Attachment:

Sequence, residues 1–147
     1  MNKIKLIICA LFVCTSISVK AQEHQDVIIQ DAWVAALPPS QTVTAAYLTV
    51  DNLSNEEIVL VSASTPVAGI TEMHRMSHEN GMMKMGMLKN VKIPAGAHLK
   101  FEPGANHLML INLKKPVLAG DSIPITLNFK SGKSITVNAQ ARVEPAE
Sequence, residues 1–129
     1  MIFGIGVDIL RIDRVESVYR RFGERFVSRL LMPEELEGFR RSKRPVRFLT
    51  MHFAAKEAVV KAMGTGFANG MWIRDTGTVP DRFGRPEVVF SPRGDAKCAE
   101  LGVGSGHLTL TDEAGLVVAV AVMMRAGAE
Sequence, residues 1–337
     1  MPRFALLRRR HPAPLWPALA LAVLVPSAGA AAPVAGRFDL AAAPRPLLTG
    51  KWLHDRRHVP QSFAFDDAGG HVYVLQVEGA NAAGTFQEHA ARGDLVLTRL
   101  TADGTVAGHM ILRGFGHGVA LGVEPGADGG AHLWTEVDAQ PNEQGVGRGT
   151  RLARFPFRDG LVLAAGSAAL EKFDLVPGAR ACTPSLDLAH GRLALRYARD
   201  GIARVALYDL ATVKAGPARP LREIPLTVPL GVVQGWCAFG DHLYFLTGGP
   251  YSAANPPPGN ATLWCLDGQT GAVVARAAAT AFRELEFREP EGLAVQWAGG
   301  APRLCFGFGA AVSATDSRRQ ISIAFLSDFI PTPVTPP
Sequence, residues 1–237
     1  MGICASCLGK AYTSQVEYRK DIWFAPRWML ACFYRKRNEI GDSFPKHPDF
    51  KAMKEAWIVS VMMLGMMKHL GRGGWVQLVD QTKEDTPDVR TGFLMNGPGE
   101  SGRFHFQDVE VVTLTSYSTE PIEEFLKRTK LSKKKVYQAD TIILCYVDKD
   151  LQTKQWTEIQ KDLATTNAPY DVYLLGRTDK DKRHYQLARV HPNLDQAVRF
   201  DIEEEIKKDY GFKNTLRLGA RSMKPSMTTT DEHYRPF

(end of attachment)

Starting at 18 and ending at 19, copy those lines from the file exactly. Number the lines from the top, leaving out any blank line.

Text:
     1  MGICASCLGK AYTSQVEYRK DIWFAPRWML ACFYRKRNEI GDSFPKHPDF
    51  KAMKEAWIVS VMMLGMMKHL GRGGWVQLVD QTKEDTPDVR TGFLMNGPGE